Your need for life insurance changes when you add someone to the family who depends on your income. Sit down with a financial planner or trusted insurance agent to figure out how much insurance you need.
Make sure the non-working parent is insured as well so child-care costs would be covered. Term insurance (particularly 20- or 30-year level term) is your best bet. The premiums are about eight times cheaper than whole life, universal or variable insurance for the same amount of coverage.
If this is your first child, get a will or update your old will. Name a guardian for your child and the trustee of your child's inheritance (often but not always the same person). Without a will, the court will name these individuals and also split up your assets in accordance with state law which may not be the way you would wish. A simple will that includes a trust for minor children costs between $150 and $250.
If you plan to return to work, review your employer's leave policy carefully. If you are eligible for coverage under the Family Medical and Leave Act, you may take up to 12 weeks of leave with continued health coverage in connection with the birth or adoption of a child. Your employer is not required to pay you while you are on leave (although you typically may use accumulated sick and vacation leave). The father may also be eligible for time off.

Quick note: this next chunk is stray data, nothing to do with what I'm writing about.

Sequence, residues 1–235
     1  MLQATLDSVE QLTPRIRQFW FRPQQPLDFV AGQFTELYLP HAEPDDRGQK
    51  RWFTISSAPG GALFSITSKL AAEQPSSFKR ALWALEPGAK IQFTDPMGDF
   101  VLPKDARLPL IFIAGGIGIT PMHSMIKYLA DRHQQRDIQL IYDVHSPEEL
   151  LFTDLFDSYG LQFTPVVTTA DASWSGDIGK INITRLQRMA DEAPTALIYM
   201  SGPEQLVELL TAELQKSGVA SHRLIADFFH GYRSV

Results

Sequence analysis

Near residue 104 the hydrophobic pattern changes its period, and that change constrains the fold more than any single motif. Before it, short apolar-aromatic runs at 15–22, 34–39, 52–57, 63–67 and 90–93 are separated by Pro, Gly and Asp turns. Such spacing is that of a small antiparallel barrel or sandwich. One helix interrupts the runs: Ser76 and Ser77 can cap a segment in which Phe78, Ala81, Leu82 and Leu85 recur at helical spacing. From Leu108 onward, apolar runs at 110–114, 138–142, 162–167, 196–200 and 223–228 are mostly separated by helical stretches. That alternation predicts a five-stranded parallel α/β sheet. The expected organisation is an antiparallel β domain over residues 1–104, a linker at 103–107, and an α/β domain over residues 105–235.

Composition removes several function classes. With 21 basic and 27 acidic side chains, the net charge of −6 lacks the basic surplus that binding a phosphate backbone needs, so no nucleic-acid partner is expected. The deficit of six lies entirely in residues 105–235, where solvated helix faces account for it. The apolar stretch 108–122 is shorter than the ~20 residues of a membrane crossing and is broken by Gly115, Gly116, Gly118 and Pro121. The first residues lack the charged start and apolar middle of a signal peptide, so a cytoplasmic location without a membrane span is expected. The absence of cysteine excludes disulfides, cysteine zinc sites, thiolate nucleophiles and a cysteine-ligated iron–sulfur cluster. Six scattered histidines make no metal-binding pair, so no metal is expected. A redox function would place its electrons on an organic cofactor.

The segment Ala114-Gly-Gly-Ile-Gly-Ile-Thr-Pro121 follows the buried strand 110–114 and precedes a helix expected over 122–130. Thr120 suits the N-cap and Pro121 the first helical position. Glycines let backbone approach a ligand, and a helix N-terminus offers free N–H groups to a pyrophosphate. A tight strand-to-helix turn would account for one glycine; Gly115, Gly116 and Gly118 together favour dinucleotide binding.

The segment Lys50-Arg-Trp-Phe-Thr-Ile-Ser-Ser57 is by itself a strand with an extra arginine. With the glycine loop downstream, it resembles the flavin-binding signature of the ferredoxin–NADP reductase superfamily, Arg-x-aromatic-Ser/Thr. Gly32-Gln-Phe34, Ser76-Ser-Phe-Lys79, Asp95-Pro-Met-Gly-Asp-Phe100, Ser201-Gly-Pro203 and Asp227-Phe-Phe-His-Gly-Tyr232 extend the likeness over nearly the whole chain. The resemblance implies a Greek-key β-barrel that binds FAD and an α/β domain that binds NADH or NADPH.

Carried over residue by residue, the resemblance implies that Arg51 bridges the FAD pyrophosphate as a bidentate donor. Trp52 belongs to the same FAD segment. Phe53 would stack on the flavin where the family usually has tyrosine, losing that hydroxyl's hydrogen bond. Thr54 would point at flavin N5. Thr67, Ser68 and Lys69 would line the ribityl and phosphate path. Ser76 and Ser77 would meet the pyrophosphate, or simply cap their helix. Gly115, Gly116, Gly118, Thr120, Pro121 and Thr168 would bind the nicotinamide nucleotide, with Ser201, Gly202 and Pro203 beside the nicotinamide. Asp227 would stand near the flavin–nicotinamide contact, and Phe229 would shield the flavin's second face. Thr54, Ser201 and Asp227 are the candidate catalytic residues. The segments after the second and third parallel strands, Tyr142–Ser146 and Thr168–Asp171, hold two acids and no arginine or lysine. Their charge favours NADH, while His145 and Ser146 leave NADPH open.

Check the Q & A section of www.elaws.dol.gov/fmla for additional details.
For working parents, finding good, affordable child care is probably the most stressful part of returning to the job. Study your options well in advance of your baby's arrival. The average cost of daycare is about $4,000 a year, but a live-in nanny can cost $1,000 a month. If you employ a babysitter in your home, you are responsible for paying social security taxes and withholding income taxes.